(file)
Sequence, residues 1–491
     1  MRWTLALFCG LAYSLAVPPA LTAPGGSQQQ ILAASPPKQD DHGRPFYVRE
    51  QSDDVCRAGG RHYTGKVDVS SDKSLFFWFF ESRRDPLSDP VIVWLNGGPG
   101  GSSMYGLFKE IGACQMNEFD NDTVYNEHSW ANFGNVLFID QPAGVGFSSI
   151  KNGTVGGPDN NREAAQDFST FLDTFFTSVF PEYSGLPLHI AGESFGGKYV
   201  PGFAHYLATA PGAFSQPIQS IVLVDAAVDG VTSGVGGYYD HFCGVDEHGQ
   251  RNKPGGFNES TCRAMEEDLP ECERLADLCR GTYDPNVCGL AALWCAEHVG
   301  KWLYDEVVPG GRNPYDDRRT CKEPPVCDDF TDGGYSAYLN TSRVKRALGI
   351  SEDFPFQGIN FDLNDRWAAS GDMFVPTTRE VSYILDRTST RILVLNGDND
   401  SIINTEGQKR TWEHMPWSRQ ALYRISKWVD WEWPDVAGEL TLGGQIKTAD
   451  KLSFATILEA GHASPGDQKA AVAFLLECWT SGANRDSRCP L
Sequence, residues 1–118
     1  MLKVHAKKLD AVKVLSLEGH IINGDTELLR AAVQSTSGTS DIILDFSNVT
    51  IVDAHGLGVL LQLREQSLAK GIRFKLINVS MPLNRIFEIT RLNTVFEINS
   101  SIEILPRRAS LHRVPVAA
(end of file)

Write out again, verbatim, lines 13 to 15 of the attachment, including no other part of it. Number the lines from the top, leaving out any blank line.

     1  MLKVHAKKLD AVKVLSLEGH IINGDTELLR AAVQSTSGTS DIILDFSNVT
    51  IVDAHGLGVL LQLREQSLAK GIRFKLINVS MPLNRIFEIT RLNTVFEINS
   101  SIEILPRRAS LHRVPVAA